Karnataka minister raps Mysuru admin over oxygen supply after hospital tragedy
Venting his ire against the Mysuru district administration, Karnataka Education Minister S. Suresh Kumar said on Monday that it can not adopt the big brother attitude when it comes to supply of oxygen or other life-saving drugs to the other districts.
Bengaluru, May 3: Venting his ire against the Mysuru district administration, Karnataka Education Minister S. Suresh Kumar said on Monday that it can not adopt the big brother attitude when it comes to supply of oxygen or other life-saving drugs to the other districts.
The minister's comments came after 23 Covid patients died due to interruption in oxygen supply at the Chamarajanagar Institute of Medical Sciences (CIMS) in Chamarajanagar district in the wee hours on Monday.
While addressing a press conference, Kumar without taking any name came down heavily on the Mysuru district administration, saying that around 80 oxygen cylinders which were meant for Chamarajnagar district did not reach there on time.
Kumar is the district in-charge minister for Chamarajnagar.
"We know that Mysuru is one of the worst affected Covid districts in the state, but that does not mean that it can prevent or delay the allocated supplies to the neighbouring districts," he said.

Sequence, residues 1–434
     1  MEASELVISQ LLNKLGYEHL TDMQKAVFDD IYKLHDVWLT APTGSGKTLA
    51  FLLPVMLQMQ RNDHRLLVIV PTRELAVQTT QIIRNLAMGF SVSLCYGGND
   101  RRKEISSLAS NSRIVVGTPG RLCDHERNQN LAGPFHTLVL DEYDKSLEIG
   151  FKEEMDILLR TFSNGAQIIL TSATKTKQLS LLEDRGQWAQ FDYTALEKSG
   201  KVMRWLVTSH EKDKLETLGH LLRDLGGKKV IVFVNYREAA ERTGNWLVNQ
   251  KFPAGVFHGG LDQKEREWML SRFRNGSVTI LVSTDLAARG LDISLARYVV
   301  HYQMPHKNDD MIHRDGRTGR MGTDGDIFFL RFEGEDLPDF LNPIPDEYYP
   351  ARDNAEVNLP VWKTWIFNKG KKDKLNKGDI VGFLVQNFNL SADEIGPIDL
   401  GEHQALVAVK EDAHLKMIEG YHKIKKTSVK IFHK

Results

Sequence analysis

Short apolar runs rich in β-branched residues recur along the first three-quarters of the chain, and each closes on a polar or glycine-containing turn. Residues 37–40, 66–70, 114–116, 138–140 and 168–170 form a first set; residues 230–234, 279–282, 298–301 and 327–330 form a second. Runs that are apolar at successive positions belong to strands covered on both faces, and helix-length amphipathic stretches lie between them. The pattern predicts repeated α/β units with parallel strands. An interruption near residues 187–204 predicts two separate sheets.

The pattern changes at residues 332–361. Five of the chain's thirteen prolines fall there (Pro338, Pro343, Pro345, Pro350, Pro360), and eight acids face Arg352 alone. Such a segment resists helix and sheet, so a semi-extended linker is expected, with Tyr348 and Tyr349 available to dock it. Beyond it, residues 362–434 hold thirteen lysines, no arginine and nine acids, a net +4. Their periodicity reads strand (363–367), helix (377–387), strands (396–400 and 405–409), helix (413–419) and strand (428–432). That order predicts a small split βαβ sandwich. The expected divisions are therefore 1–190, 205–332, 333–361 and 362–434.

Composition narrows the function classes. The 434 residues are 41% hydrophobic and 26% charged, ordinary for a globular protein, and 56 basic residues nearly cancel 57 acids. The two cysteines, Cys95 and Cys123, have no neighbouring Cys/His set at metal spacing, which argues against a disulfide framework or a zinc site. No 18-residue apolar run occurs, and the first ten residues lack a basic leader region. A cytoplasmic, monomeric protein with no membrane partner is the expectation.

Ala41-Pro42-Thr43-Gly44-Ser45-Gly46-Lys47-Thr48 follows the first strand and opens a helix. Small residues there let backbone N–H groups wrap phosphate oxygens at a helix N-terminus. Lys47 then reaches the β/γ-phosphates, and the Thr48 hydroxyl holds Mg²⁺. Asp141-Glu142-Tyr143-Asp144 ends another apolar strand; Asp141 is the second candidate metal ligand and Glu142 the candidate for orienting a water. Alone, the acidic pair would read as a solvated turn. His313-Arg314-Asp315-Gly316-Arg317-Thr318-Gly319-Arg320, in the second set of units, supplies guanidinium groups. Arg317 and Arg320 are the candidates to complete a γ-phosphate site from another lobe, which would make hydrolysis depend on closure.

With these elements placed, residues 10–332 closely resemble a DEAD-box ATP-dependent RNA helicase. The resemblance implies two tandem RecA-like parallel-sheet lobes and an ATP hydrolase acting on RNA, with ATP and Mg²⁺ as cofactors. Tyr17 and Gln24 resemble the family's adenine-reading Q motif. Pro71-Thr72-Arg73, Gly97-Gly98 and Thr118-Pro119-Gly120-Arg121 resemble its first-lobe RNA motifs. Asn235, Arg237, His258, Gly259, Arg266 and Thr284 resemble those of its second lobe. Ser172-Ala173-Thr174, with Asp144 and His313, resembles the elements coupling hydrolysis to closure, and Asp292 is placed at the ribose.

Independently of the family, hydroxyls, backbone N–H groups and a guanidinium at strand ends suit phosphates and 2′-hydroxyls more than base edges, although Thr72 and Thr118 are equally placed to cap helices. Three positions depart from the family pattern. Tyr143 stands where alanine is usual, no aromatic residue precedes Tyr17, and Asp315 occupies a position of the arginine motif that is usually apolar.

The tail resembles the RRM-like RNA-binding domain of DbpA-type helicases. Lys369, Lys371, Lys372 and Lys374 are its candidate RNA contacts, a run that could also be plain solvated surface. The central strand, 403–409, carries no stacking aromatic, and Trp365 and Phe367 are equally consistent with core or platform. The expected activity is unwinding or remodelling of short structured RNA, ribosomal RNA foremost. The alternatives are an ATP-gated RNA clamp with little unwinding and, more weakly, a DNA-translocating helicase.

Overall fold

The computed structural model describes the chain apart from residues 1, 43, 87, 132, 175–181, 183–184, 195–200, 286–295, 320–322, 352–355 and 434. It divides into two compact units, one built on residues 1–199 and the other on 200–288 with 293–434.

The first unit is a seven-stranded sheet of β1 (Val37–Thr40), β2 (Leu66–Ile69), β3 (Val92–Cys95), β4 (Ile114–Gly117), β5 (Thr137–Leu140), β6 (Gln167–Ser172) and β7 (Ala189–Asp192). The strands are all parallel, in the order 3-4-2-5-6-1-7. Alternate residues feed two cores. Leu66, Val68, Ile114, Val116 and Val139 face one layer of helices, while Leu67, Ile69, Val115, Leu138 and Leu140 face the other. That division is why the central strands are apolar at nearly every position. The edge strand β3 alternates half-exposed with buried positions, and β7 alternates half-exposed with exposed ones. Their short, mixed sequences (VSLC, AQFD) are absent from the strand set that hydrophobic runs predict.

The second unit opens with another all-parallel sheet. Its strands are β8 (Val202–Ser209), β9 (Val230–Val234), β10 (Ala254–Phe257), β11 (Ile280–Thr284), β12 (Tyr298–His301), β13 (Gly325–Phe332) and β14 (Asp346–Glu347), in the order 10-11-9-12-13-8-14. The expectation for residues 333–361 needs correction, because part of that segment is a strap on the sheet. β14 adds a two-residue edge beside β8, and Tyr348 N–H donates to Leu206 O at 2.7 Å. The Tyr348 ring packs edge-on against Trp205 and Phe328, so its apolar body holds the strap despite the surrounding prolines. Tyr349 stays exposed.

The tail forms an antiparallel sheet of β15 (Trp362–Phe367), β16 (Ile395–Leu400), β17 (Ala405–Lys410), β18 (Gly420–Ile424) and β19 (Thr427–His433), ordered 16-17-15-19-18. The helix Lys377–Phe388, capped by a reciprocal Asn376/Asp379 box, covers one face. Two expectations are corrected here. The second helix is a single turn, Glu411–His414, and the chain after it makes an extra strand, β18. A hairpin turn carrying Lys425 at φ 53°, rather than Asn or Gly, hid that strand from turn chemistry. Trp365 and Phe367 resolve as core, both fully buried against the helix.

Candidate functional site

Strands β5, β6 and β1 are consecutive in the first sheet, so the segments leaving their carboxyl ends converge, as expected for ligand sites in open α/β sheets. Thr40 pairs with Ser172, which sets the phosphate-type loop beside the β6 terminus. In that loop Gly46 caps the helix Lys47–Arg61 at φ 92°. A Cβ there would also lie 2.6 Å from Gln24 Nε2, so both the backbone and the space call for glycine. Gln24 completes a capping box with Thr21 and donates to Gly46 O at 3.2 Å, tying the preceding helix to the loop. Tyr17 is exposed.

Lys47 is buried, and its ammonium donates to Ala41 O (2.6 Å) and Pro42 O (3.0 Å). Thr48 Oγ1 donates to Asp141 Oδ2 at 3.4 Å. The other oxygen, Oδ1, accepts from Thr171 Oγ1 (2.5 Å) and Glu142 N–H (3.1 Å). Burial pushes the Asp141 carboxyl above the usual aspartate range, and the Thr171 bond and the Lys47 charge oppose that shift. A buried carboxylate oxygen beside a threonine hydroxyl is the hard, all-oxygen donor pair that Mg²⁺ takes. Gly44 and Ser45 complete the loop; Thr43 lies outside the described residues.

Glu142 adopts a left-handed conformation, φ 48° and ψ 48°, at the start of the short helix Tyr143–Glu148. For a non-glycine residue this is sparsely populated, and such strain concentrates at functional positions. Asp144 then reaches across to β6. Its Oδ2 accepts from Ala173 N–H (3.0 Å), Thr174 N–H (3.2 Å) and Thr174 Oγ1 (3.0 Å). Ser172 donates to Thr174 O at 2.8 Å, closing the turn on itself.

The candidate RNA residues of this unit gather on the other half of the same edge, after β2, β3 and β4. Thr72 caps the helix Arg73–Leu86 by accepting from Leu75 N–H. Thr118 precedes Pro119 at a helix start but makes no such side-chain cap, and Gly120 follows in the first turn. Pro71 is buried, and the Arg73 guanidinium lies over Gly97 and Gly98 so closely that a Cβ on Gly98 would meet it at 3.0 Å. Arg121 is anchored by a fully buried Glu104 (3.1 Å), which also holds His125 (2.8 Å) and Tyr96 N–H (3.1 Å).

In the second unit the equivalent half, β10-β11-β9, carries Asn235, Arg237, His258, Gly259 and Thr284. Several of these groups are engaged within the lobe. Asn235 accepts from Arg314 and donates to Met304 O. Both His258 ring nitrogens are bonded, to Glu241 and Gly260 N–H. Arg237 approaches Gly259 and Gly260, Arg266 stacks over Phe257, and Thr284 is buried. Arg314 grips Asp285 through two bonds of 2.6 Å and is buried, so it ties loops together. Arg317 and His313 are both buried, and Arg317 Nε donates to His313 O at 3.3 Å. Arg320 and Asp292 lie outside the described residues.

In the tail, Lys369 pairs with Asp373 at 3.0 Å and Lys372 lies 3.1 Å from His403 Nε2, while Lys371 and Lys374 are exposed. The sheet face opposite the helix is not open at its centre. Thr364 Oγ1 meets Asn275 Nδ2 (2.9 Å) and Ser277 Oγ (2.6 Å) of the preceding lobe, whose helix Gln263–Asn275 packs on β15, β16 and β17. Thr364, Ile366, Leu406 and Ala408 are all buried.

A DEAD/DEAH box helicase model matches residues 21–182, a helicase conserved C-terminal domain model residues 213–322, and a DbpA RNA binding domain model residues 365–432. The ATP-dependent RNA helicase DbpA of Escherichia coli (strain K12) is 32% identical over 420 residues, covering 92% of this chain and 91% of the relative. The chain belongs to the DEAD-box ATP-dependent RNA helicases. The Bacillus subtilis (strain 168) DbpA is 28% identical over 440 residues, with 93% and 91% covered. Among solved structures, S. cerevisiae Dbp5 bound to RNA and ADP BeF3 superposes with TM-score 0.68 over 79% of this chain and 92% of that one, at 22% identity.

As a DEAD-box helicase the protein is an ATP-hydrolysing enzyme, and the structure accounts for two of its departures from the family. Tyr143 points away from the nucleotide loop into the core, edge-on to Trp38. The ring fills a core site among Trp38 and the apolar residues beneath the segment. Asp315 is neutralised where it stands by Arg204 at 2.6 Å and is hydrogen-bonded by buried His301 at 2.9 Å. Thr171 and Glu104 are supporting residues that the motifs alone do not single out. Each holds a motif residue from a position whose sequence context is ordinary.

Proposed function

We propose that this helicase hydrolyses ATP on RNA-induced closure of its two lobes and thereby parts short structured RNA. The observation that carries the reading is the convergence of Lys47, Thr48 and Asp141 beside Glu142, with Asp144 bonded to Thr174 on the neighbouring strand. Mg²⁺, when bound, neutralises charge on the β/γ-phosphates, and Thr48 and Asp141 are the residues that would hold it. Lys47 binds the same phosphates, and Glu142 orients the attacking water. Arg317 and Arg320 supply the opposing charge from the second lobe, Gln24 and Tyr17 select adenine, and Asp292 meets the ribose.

According to the minister, Mysuru acts like a nodal agency to supply oxygen and other life-saving drugs to the neighbouring districts of Chamarajanagar, Mandya and Kodagu.
"For some reasons, the oxygen cylinders that were meant for Chamarajnagar were not sent on time on Sunday. We are probing the matter to find out who are at fault," he said.
"As the district in-charge minister, I have sought the state government's permission to take over the defunct oxygen plant in Mysuru, store our quota of oxygen and manage its supply instead of Mysuru dictating us the terms," the minister said before leaving for Chamarajnagar.
According to Kumar, vehicles supplying oxygen in Mysuru are only allowed to carry small quantities, not beyond 15-20 cylinders at a time in most cases. This puts undue burden and stress on the hospital staff too, he said.
"Mysuru requires more oxygen or other life-saving drugs, but that should not come in the way of supplying oxygen or other medicines to the neighbouring districts," he said.
Kumar also said that he has sought a detailed report of the patients who died at CIMS from the authorities concerned.
"I want to know in what condition the patients were admitted, since how many days they were in the hospital and since when they needed oxygen support," he said.
The minister added that he has also sought a detailed report from the Additional Director General of Police (Law and Order), Pratap Reddy, who is in-charge of the oxygen supply chain in the state, regarding the flaws in the supply chain.
"The tragic incident at CIMS is an eye opener. We must set our supply chain right," he said.